In Q2, series that aired on linear networks accounted for 17 of the top 20 most viewed series on our streaming platforms with almost 3 billion hours of consumption. Our linear channels are deeply embedded in our direct-to-consumer strategy as they continue to deliver high-quality content that reaches demographics not captured on streaming alone, allowing us to broaden our audiences and leverage our unmatched content engine across an expansive base.

Turning to ESPN. Sports continues to stand out when it comes to convening large audiences with recent big ratings wins across a variety of sports. ESPN had a fantastic April in terms of total day viewership, the highest April since 2012. For Primetime viewership, it was ESPN's highest April on record. The NCAA Women's Final Four in Cleveland was the most viewed on record and the championship between Iowa and South Carolina was ESPN's most viewed college basketball game ever, men's or women's.

We also saw record-breaking ratings for the WNBA draft. Monday Night Football had its most watched season since 2000, and the NFL postseason also broke viewership records. The divisional playoff game between the Houston Texans and Baltimore Ravens was ESPN's most watched NFL game ever with 32.4 million viewers. Looking at our experiences business, which remained an impressive financial driver in the quarter, we are focused on turbocharging growth with a number of long-term strategic investments.

That includes our Disneyland Forward initiative the first step in our expansion plans at Disneyland Resort, which received unanimous preliminary approval by the Anaheim City Council last month. This was a significant milestone and the final vote is expected to take place this evening. We're incredibly excited for the many potential new stories our guests could experience at Walt's original theme park including the much anticipated opportunity to bring Avatar to Disneyland.

When you consider all of our businesses as a whole, from entertainment, to sports, to experiences, it's clear that no one has what Disney has. The turnaround and growth initiatives we set in motion last year have continued to yield positive results, and we are executing against our ambitious strategic priorities with both speed and determination.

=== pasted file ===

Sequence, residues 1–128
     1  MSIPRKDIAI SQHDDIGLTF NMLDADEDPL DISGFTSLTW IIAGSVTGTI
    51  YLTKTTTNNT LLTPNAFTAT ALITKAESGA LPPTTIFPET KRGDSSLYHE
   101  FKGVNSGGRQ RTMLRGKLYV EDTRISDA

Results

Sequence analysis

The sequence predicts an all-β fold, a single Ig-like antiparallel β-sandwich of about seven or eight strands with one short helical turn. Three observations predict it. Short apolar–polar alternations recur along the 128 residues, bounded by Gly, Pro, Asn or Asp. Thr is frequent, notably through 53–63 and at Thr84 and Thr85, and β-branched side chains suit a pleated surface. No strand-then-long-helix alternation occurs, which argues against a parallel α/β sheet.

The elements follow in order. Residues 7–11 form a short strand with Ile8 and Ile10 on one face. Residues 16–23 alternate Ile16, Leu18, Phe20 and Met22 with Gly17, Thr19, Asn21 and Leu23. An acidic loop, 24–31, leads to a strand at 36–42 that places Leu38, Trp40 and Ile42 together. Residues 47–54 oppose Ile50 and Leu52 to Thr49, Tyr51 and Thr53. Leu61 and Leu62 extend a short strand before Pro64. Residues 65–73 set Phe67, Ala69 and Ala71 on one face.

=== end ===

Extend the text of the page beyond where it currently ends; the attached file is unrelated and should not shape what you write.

To walk you through more of our results from the quarter, I will now turn things over to Hugh.

Hugh Johnston: Thanks, Bob. Diluted earnings per share, excluding certain items, for the second fiscal quarter were $1.21 and reflect the second quarter in a row of strong double-digit percentage year-over-year earnings growth. We also met or exceeded all of our financial guidance for the quarter. And as Bob mentioned, we are now targeting adjusted EPS growth of 25% for the full year.

At our Entertainment segment, second quarter operating income increased by over 70% versus prior year, driven by direct-to-consumer. Entertainment DTC revenue increased 2% sequentially and 13% year-over-year and generated operating income of $47 million. These results exceeded our guidance primarily due to expense savings. Core Disney+ subscribers increased by $6.3 million in the quarter, reflecting nearly 8 million additions domestically driven by charter entitlements and a slight loss internationally from the impacts of wholesale deal changes and price increases.

Disney+ core ARPU increased sequentially by 6% or $0.44 reflecting price increases for the domestic premium tier as well as international ARPU growth, partially offset by lower ad supported ARPU domestically, driven by dilution from charter entitlements. And the recent Charter deal also drove Disney+ ad tier subscriber growth in the quarter. We ended Q2 with 22.5 million ad tier subscribers globally. We are pleased with the progress we're making in streaming, although as we said before, the path to long-term profitability is not a linear one.

On that note, we are forecasting a loss for entertainment DTC in the third quarter, the vast majority of which is due to Disney+ Hotstar's ICC Cricket rights. We also do not expect to see core subscriber growth at Disney+ in the third quarter, but anticipate sub growth will return in Q4.